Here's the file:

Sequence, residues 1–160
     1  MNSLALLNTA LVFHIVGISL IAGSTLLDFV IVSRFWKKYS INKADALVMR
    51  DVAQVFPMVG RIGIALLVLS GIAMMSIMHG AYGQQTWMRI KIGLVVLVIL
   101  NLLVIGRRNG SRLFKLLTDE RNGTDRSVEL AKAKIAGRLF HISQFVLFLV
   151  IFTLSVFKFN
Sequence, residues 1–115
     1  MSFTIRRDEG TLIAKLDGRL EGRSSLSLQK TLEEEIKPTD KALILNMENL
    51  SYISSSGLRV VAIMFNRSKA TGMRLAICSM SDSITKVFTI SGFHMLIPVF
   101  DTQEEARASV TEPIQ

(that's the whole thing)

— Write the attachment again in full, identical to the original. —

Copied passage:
Sequence, residues 1–160
     1  MNSLALLNTA LVFHIVGISL IAGSTLLDFV IVSRFWKKYS INKADALVMR
    51  DVAQVFPMVG RIGIALLVLS GIAMMSIMHG AYGQQTWMRI KIGLVVLVIL
   101  NLLVIGRRNG SRLFKLLTDE RNGTDRSVEL AKAKIAGRLF HISQFVLFLV
   151  IFTLSVFKFN
Sequence, residues 1–115
     1  MSFTIRRDEG TLIAKLDGRL EGRSSLSLQK TLEEEIKPTD KALILNMENL
    51  SYISSSGLRV VAIMFNRSKA TGMRLAICSM SDSITKVFTI SGFHMLIPVF
   101  DTQEEARASV TEPIQ